Writing Scope-based Authorization Handler

Writing a handler for scope-based authorization is not much different from writing a plain requirement handler. You need to create a custom requirement class and implement a requirement handler class derived from PermissionAuthorizationHandlerBase:

public sealed class OrderAuthorizationHandler : PermissionAuthorizationHandlerBase<OrderAuthorizationRequirement>

      protected override async Task HandleRequirementAsync(AuthorizationHandlerContext context, OrderAuthorizationRequirement requirement)
            //Call the base handler first to check the user has a global permission for this action
            await base.HandleRequirementAsync(context, requirement);

            if (!context.HasSucceeded)
                //If we are here, this means the user does not have a global assigned "oder:read" permission, and we need to try to check the scope-based permissions
                var userPermission = context.User.FindPermission(requirement.Permission/*order:read*/, _jsonOptions.SerializerSettings);
                if (userPermission != null)
                    //Read the scopes from the role assignment
                    var storeSelectedScopes = userPermission.AssignedScopes.OfType<OrderSelectedStoreScope>();   
                    //Get all store IDs from scopes                
                    var allowedStoreIds = storeSelectedScopes.Select(x => x.StoreId).Distinct().ToArray();

                    if (context.Resource is OrderOperationSearchCriteriaBase criteria)
                        //Enforce the authorization policy by modifying the search criteria object being trasferred through adding the store IDs received from the role scopes
                        criteria.StoreIds = allowedStoreIds;                       

In this implementation, we load all StoreSelectedScope objects assigned to the order:read permission in the role definition, and then use the store identifiers retrieved from these scopes to change CustomerOrderSearchCriteria for enforcing the policy to return only orders for the stores defined in the permission scopes.

Checking Scope-based Permissions

Since Virto security is based on the default ASP.NET Core security mechanics, we can use IAuthorizationService and custom authorization policy handlers for any imperative authorization check.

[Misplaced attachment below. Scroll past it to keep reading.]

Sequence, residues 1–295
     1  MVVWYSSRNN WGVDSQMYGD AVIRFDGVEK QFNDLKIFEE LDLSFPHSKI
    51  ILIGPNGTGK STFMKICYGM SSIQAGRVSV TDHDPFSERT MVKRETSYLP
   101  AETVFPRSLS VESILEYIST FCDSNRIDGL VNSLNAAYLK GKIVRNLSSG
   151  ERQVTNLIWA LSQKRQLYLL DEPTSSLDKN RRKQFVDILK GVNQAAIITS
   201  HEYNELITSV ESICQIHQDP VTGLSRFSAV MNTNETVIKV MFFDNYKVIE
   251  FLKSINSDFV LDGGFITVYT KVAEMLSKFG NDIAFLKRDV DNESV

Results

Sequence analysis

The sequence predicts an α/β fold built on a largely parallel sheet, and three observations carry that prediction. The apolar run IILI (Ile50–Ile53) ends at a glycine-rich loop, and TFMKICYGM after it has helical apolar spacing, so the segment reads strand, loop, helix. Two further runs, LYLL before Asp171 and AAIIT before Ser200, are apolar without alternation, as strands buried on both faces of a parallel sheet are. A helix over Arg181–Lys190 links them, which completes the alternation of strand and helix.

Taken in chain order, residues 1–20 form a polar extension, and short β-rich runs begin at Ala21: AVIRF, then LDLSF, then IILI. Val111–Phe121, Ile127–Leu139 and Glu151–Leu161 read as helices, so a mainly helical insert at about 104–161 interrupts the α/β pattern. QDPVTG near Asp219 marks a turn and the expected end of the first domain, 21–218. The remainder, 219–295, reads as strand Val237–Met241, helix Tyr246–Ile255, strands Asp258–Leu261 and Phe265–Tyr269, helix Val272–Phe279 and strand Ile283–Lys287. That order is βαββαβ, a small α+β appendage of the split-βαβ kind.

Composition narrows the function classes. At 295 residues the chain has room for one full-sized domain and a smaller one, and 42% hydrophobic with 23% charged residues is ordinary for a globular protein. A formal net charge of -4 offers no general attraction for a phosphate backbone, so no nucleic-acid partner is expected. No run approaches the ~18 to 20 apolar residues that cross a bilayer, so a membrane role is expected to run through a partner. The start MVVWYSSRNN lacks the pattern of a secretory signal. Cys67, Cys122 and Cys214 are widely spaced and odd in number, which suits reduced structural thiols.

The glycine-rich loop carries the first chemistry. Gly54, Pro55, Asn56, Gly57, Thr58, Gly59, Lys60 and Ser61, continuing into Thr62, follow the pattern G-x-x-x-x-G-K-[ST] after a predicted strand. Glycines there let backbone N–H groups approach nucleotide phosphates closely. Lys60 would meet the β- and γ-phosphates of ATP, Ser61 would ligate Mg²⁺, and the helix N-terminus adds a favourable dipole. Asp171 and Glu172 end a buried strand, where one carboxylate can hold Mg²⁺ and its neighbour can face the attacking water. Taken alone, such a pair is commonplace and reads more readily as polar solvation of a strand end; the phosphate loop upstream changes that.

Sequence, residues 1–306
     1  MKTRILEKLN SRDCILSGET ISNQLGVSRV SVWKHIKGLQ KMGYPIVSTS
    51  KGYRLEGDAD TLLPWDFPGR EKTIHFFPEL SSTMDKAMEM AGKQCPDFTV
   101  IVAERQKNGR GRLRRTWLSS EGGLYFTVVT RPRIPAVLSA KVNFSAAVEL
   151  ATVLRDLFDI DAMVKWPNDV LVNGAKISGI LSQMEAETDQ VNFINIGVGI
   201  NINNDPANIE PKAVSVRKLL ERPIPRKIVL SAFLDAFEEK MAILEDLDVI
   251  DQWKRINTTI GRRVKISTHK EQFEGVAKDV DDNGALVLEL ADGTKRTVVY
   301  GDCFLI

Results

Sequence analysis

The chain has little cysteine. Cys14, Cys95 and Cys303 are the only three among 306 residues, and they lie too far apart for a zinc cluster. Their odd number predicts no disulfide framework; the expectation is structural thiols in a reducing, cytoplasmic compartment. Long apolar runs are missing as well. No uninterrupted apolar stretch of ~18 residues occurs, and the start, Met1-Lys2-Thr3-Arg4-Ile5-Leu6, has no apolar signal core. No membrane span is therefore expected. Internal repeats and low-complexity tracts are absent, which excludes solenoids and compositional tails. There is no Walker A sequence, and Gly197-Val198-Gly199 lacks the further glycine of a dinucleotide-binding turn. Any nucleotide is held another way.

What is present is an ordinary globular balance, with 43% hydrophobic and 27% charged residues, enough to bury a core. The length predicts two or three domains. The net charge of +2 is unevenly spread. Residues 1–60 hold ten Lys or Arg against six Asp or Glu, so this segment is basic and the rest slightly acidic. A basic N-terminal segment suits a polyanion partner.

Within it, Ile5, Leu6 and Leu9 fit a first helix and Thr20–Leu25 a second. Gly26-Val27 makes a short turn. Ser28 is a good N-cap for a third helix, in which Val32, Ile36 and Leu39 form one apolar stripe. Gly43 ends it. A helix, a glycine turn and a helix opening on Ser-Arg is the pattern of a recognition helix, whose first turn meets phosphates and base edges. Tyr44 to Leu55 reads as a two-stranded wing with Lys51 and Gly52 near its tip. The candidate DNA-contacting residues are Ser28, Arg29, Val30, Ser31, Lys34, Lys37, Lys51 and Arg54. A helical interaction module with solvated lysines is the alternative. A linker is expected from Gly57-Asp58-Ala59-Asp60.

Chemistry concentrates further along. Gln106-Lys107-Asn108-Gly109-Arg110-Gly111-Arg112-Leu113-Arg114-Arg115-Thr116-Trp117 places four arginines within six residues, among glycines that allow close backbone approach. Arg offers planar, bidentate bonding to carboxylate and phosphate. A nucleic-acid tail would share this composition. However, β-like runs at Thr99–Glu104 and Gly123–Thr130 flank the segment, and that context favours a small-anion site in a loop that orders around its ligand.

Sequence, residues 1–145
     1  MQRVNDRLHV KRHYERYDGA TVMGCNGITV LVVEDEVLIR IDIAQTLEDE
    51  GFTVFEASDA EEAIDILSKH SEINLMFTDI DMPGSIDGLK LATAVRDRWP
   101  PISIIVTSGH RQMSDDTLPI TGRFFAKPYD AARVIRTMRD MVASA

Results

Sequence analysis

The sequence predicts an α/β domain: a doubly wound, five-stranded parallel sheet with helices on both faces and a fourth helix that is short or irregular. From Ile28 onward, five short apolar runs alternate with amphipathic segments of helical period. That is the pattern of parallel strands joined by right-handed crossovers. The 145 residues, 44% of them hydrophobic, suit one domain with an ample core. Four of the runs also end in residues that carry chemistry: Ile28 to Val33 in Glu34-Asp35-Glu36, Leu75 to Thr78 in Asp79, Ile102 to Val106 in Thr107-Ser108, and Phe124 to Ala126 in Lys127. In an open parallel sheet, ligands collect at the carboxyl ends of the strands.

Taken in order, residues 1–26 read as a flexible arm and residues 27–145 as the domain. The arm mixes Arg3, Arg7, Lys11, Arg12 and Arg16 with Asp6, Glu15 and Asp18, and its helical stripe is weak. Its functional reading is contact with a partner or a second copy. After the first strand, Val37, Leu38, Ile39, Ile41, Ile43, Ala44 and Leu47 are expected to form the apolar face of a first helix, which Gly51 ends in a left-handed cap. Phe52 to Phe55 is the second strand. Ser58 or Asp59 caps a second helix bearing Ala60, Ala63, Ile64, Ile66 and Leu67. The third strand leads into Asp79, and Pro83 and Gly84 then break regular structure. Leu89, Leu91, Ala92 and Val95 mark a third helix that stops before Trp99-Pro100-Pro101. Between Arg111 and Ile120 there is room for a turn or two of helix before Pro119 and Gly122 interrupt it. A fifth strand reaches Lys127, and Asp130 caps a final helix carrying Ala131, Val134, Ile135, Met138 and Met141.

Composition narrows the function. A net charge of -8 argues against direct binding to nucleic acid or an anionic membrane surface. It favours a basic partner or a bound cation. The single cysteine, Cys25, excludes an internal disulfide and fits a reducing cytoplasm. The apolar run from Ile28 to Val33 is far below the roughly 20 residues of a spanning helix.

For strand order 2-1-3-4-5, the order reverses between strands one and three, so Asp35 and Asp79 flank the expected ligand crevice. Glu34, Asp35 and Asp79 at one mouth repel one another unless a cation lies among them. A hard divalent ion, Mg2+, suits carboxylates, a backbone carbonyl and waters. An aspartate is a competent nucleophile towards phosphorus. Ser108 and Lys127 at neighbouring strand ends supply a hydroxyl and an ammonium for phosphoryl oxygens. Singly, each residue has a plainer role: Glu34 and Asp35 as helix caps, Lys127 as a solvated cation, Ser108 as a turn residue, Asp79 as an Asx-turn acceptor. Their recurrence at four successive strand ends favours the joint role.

public async Task<ActionResult<CustomerOrder>> GetById(string id, [FromRoute] string respGroup = null)
            var searchCriteria = new CustomerOrderSearchCriteria
                Ids = new[] { id },
                ResponseGroup = respGroup
            //in this line, we use IAuthorizationService _authorizationService to check the 'order:read' permission for the specific resource, CustomerOrderSearchCriteria, where the policy handler can modify the provided criteria and remove or add the stores the user has access to.
            var authorizationResult = await _authorizationService.AuthorizeAsync(User, searchCriteria, new OrderAuthorizationRequirement("order:read"));
            if (!authorizationResult.Succeeded)
                return Unauthorized();
            var result = await _searchService.SearchCustomerOrdersAsync(searchCriteria);

            return Ok(result.Results.FirstOrDefault());

In this example, CustomerOrderSearchCriteria to be secured with AuthorizeAsync overload is invoked to determine whether the current user is allowed to query the orders by the provided search criteria. AuthorizeAsync gets the following tree parameters:

  • User: Currently authenticated user with claims
  • Criteria: Object that is secured and probably changed inside the authorization handler in accordance with the user restrictions
  • The new instance of the OrderAuthorizationRequirement type with the permission that needs to be checked

As a result, the authorization handler will check and change the criteria to return only the orders with the stores the current users can view.